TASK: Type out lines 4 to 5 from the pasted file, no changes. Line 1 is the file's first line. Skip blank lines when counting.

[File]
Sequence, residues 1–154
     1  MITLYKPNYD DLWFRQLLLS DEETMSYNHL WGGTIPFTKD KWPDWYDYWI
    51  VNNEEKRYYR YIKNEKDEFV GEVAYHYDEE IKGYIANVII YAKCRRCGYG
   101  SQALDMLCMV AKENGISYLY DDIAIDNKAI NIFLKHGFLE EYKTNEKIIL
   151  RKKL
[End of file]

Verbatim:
   101  SQALDMLCMV AKENGISYLY DDIAIDNKAI NIFLKHGFLE EYKTNEKIIL
   151  RKKL